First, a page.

Advanced stage of dry AMD: The advanced stage of dry AMD is also known as geographic atrophy affecting the fovea or center of one’s vision. At this stage, there are large areas of damaged tissue causing central blind spots. A person may have difficulty reading or recognizing faces.
Dry AMD - Geographic Atrophy (Credit: National Eye Institute, National Institutes of Health)
Wet AMD, also known as neovascular AMD, generally causes more rapid and more serious vision loss if left untreated. In this form of the disease, people with the intermediate stage of dry AMD or with the advanced stage of dry AMD develop tiny new blood vessels and scar tissue which grow under and into the retina. These blood vessels are fragile and often break and leak, which, along with scarring of the retina, can cause a loss of vision. Wet AMD may be treated with various treatments.Learn More
While the cause of AMD is unknown, some identified which have been identified as increasing risk for AMD include:
There may be no symptoms until the disease progresses or affects both eyes. Vision changes due to dry AMD can include:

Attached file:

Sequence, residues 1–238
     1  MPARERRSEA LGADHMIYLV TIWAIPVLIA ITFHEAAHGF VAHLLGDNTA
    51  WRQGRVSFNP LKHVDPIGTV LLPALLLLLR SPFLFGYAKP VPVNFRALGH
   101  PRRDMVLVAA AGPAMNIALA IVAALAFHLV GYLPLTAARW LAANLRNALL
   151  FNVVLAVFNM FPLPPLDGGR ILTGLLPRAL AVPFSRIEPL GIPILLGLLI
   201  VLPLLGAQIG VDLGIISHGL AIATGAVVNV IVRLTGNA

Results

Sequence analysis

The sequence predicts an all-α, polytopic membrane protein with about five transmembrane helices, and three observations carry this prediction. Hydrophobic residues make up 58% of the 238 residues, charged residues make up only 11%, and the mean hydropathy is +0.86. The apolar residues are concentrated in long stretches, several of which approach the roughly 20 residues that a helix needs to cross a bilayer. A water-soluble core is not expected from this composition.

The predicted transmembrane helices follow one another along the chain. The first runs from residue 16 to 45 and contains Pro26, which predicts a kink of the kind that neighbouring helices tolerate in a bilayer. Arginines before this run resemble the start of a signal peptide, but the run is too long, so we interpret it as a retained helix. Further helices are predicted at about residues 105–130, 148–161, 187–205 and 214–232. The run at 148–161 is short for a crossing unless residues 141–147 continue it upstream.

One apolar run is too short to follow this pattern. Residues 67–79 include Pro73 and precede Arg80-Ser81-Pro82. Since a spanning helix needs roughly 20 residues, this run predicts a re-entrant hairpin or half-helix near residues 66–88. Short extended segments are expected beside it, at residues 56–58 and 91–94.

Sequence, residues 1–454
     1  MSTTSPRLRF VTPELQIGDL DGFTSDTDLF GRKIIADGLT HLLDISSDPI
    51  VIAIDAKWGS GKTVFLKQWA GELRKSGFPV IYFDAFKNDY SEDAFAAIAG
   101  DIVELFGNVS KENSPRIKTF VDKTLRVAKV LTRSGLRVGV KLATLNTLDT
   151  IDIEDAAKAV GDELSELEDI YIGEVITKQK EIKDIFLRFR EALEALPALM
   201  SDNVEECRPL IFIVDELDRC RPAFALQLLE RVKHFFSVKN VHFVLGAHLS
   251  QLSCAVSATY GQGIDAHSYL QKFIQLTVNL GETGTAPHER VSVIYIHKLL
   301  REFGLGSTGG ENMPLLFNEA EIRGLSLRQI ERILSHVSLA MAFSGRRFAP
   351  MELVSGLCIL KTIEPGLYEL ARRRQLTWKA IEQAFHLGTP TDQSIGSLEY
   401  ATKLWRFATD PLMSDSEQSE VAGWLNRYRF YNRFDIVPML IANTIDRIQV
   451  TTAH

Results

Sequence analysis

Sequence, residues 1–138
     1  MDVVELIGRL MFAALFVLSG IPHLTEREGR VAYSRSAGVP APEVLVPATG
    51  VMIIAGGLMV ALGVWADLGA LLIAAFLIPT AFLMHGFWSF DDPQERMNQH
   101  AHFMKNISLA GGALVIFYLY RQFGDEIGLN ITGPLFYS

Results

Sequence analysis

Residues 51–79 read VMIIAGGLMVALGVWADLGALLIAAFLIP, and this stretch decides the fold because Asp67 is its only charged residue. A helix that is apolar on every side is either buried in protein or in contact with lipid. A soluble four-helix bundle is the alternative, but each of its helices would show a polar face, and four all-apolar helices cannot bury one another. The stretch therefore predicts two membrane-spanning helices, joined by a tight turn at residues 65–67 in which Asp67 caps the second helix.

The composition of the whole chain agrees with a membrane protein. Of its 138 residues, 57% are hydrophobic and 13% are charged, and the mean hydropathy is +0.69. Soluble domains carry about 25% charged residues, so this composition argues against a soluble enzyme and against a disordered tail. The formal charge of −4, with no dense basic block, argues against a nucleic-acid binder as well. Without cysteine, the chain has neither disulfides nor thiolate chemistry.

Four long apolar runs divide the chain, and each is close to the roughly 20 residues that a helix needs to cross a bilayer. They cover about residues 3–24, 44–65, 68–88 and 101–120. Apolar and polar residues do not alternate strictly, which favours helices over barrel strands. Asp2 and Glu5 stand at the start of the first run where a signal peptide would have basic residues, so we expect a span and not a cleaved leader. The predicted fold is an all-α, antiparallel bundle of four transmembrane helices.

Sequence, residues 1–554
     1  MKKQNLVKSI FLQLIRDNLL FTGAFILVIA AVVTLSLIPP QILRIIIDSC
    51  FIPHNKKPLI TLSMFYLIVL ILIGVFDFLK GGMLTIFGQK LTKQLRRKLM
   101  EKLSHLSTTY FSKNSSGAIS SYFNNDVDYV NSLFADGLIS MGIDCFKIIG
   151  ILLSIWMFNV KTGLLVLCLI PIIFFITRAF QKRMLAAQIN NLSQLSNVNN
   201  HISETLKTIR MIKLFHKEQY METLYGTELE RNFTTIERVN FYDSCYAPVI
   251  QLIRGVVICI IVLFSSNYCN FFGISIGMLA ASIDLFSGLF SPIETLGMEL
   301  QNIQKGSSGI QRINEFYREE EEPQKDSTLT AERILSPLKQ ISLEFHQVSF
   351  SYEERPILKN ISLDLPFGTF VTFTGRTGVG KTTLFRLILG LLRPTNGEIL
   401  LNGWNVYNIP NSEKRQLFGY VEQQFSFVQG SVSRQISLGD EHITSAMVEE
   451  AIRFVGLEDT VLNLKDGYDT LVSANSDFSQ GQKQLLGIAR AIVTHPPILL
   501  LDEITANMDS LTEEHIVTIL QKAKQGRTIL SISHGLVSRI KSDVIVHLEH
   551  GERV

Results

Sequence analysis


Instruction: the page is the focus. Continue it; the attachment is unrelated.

If you experience any of these symptoms, see an eye doctor as soon as possible.
The key to slowing or preventing vision loss from dry AMD is regular eye exams. People age 50 or older should get a complete eye exam and follow-up with eye exams every one or two years or as indicated by the eye doctor. It is important to attend all scheduled eye exams even if there are no noticeable vision problems.
During an eye exam, the eye doctor will conduct the following tests:
Visual acuity: This will determine how well a person can see through his or her central vision and if there is a decrease in visual acuity.
Dilated eye examination: The eye doctor will dilate (widen) the pupil of the eye with eye drops to allow a closer look at the back of the eye. The doctor will look for buildup of drusen or a breakdown of pigment and light-sensitive cells in the macula.
Amsler grid: This will test for problems in the macula. An Amsler Grid is made of straight horizontal and vertical lines. AMD may make the straight lines in the grid to appear faded, broken or wavy.
If the eye doctor suspects AMD, then the following tests may be conducted:
Fundus photograph: A fundus photograph provides a picture of the retina and may document the amount of drusen or geographic atrophy to compare at future visits. Sometimes the photograph will be taken with special imaging called autofluorescence, which may help with the identification of geographic atrophy.
Optical coherence tomography (OCT): The OCT examination provides a cross sectional image of the eye, which can show if the macula is thickened, loss of tissue, and/or if there is fluid under the retina that may be affecting vision.